Following on from our article on Men and Beasts: Anthropomorphism in Character Animation, we at Headstuff want to bring you a look at another aspect of anthropomorphic representation with this second part about everyday household objects and the characterisation that can be placed on these.
“Okay, the flying carpet is going to have its own personality.”
“Wow, that sounds interesting.”
“It doesn’t speak though.”
This is how I imagine the Disney board room meeting for 1992’s Aladdin film to have gone. Now, I may be using a little bit of artistic licence here but, all the same, the character of the flying carpet feels. It emotes. It is quite fascinating that something such as a flat rug with no facial expression or dialogue can convey as much emotion as it does. That is anthropomorphism in inanimate objects.
Disney took a concept attributed to Arabian lore and ran with it, making the tassels at each corner work like limbs, adding squash and stretch animation principles to the character, it standing strong when happy and proud and hunching in a slump when saddened. The sheer fluidity of motion is so strong that vocals are never necessary for this character. This can be seen multiple times in animation, taking what seems like an everyday object, throwing a spin on it, letting our imaginations flow onto the screen.
Let’s look at an earlier example that is just as beautiful but combines stunningly characterised animation with a tightly-weaved narrative. “The Sorcerer’s Apprentice” segment from Fantasia, (1940), is one of Disney’s earliest and most groundbreaking works. An attempt to boost the popularity of Mickey Mouse in a post-Snow-White world, Fantasia allowed an animation to be dictated almost entirely by its musical score.
In this segment, Mickey, in an attempt to remove himself from an apprentice position, uses the knowledge of his master to animate his tools so that they will complete his chores for him. Chaos naturally ensues as our protagonist tries to stop the building disaster. It isn’t Mickey that makes this though; it is the style and anthropomorphic qualities of the emotively drawn brooms that really stand out.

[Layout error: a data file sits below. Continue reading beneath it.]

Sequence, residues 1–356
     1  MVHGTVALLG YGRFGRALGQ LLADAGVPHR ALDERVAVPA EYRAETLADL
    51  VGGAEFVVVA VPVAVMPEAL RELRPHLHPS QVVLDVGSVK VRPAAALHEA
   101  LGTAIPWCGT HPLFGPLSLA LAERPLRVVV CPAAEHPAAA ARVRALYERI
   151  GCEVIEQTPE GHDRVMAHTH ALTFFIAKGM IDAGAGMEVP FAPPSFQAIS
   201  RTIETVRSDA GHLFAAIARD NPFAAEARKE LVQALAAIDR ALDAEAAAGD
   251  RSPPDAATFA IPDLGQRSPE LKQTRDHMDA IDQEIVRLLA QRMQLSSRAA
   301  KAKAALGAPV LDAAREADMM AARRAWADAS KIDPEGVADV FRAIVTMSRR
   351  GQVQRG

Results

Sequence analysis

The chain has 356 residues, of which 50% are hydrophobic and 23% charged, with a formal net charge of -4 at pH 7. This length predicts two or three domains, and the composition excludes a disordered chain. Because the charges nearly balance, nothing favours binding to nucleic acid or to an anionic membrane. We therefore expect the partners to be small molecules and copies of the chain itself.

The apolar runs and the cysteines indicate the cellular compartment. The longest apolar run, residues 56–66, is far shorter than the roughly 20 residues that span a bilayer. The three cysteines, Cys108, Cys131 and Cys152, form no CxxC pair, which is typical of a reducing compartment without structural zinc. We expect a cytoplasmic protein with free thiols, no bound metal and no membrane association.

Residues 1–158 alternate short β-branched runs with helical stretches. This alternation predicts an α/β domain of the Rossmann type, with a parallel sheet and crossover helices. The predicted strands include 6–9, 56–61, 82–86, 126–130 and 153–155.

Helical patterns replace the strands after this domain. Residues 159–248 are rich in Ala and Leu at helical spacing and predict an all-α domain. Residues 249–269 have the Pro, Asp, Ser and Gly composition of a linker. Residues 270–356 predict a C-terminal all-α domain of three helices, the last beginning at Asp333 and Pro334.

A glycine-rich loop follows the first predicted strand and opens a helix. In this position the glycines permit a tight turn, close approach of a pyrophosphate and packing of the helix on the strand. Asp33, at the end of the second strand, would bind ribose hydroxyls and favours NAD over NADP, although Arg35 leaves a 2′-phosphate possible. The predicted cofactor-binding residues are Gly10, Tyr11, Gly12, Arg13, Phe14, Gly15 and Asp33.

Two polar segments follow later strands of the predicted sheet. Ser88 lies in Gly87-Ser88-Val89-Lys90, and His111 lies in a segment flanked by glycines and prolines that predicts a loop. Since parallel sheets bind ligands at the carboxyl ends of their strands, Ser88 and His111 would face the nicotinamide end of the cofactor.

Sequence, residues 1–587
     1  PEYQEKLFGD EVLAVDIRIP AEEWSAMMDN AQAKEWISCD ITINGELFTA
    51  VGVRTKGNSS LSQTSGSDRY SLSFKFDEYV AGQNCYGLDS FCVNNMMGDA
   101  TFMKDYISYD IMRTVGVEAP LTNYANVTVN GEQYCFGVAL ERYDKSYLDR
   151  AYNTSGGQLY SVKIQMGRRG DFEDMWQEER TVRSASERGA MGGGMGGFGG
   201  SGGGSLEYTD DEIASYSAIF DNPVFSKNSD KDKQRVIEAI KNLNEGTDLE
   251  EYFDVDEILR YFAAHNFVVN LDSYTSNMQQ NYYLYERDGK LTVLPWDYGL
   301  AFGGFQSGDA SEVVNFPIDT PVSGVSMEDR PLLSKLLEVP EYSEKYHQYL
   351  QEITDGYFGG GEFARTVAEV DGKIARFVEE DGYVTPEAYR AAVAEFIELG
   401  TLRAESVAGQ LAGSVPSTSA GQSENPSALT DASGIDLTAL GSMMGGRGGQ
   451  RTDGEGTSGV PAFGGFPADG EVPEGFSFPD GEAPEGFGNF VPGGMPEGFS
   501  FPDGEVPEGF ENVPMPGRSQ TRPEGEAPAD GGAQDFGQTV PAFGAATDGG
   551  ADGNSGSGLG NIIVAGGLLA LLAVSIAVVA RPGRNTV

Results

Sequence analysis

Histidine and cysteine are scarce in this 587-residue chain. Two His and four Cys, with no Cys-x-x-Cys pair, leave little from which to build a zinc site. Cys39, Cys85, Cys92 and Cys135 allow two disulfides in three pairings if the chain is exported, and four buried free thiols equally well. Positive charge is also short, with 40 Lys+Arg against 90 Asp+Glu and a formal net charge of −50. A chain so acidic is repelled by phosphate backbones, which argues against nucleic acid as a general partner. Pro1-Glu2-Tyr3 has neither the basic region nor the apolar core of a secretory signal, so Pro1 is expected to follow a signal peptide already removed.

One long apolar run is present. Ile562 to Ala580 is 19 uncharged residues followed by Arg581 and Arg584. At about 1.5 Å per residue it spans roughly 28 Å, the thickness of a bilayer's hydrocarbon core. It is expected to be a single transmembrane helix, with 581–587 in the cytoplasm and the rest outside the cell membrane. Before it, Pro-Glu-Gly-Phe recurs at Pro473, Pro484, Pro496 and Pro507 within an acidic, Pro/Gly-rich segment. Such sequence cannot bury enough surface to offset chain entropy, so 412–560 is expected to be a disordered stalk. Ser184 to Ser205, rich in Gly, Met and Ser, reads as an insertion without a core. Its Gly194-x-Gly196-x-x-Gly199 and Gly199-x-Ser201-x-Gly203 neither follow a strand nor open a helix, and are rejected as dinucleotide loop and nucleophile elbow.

The broom head acts as legs, leading to a broom handle that acts as a head. The thing is, we never really see this; it is nothing more than a broom and yet, the incorporation of animation principles, such as the staging, follow through and overlapping action allows for our minds to perceive the human qualities within the subject and it is an incredible study into the personification of the human mind.
A later example from Disney is from the animated Beauty and the Beast (1991), which exemplifies the concept of anthropomorphism. Mrs Potts, Cogsworth, Lumière and Chip, putting their excellently attributed names aside, are a gorgeous representation of how inanimate objects can thrive in an animated setting. Potts and Chip highlight a very relatable mother-and-son relationship; the natural motherly qualities and curiosity of a child, respectively, accurately portraying the reality of such characters in our own world.
The incorporation of these traits, from the romantic personality of our French candelabra to his interactions with our protagonist creates a sense of connection to our characters that boosts relatability to our own experiences. I mean, the hands on Cogsworth’s clock face are clearly meant to be a moustache. This clever visual play shows that, in animation, anything can be used to understand our world and depict emotion through fantasy.
Finally, let us look at something that many of us probably overlook when we watch a Pixar film. Remember the famous logo of Pixar? A lamp hops across the screen, crushes the I and looks at the camera. This synonymous intro has been parodied countless times but its origins lie in John Lasseter’s 1986 animated short, Luxo Jr. about a parent and child lamp playing with a ball together. This two-minute short, although sounding boring, is simple but classic animation which showed the capabilities of Pixar in its simplicity.
Shown at the SIGRAPH computer animation conference, Luxo Jr., in only two minutes, provides us with a fulfilling precursor to the anthropomorphism that would follow and shows us the possibilities of characterisation within the 3D artform. In the moment that the ball deflates, we can really feel for the young character, something which to us may be nothing, really affects the protagonist before it moves its attention to something better. Lasseter has said in interviews that he was asked whether the senior lamp was a mother or father and, in that moment, the realisation that he was onto something became apparent.
This animation, although only short, has provided a landmark and milestone for future animations allowing storytellers to experiment with inanimate objects, creating more imaginative and out-there concepts and character designs for animated films. It is these innovative moments that has allowed anthropomorphism to thrive and build upon a basis, be it through animals or household objects. Animation has a way of speaking to us and connecting with us through these styles, allowing us to empathise with the actors on screen, no matter who or what they are.